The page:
QuickBooks is good at providing tools for creating the business forms you need. If you’ve already created records for your customers and vendors and the products and/or services you sell, filling them out is easy. You just complete a few fields and select from lists for the rest. You can print them or email them, and QuickBooks keeps records of what you’ve sent.
But do you always know for sure which type of sales forms you should be choosing for different situations? Your version of QuickBooks may or may not include sales orders, but there are three that it will include: sales receipts, invoices, and statements. You should know when each kind is appropriate so your bookkeeping is accurate and your customers aren’t confused. Here’s a look at these three forms.
1. Sales Receipts: On-the-Spot Sales
Depending on the type of business you own, you may never need to create a sales receipt for a customer. These are appropriate only if you receive payment at the same time a customer receives a product or service from you.
You send a sales receipt when you get paid at the time you deliver a product or service.
To create a sales receipt, click Create Sales Receipts on the homepage or open the Customers menu and select Create Sales Receipts. You’ll see a form that looks like the partial one pictured above. Click the down arrow in the CUSTOMER:JOB field and choose the correct customer or job.
TIP: If this sale is part of a new job for an existing customer, go to the customer record and add the job before you create the sales receipt. Go to Customers | Customer Center and right-click on the customer’s name. Select Add Job and at least enter a JOB NAME. You can complete the record later.
Select a CLASS if you use them and the type of payment. Then complete the fields in the table below to describe the sale. Save the transaction and print or email to the customer.
2. Invoices, for Later Payment
If a customer does not pay you at the time of the sale, you send them an invoice. Select Create Invoices on either the homepage or in the Customers menu.
Invoice forms contain more fields than sales receipts.
In the image above, you’ll notice that invoices are more complex than sales receipts and require more data entry. You select customers and items as you do for a receipt, but there are other fields you may need to complete, like P.O. NUMBER, TERMS, and VIA (shipping method). You’ll also have to designate a Tax code if sales tax is required on any sales form. Your options will appear at the bottom of the invoice if you’ve set up sales tax (we can help with this).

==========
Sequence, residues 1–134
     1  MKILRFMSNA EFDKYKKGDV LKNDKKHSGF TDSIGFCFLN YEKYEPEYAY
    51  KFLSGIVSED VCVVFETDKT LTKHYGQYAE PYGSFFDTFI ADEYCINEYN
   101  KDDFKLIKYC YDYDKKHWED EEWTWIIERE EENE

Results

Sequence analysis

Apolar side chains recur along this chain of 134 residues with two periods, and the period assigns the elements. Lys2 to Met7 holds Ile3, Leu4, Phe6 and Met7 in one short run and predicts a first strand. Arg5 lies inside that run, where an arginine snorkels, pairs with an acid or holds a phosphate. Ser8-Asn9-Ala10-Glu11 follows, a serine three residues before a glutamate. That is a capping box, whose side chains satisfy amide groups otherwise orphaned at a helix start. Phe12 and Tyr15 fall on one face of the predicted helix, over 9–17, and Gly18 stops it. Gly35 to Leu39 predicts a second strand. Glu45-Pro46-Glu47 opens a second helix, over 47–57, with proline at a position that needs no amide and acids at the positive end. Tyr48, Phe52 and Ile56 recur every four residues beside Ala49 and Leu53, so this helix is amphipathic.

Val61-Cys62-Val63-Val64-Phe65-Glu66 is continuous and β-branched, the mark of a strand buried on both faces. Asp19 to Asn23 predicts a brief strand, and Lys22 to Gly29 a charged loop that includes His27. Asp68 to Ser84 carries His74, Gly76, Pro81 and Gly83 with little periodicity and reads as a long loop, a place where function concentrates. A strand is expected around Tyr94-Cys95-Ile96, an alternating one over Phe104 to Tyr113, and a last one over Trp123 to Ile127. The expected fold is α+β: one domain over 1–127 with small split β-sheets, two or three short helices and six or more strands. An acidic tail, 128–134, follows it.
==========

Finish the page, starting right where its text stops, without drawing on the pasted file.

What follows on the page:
TIP: QuickBooks comes with a default set of fields in its sales forms. You have some control over these. Let us know if you want to learn how to edit and delete fields from your forms.
3. Comprehensive Statements
Statements are lists of transactions (invoices, payments, etc.) that you’ve entered in QuickBooks. You can send individual ones or prepare multiple statements simultaneously. You might want to send them when a customer:
- Is past due on payments
- Wants a record of payments invoices and sales receipts
You can prepare and send statements to one customer or a group that shares a specific characteristic.
Click Statements on the homepage or go to Customers | Create Statements. A window like the partial one shown above will open. First, make sure the Statement Date (“as-of” date) is correct. Then you can choose between designating a Statement Period or isolating customers who have transactions that are a specific number of days past due.
You can further define your group by selecting from the options in the image above, like All Customers or Multiple Customers (you’d choose from the drop-down list). There are additional options displayed on the right side of this window (not pictured), like Show invoice item details on statements and Do not create statements with a zero balance. You can View Selected Customers when you’re ready to print or email and Preview the statements. They’ll appear one at a time in a vertical column.
Fall Is on the Way
We’re heading into a very busy time of the year. Schools are open again and the holidays are just around the corner. Now might be a good time to run an A/R Aging Detail report to see the status of your invoices and send statements to past-due customers before they get wrapped up in their own fall activities.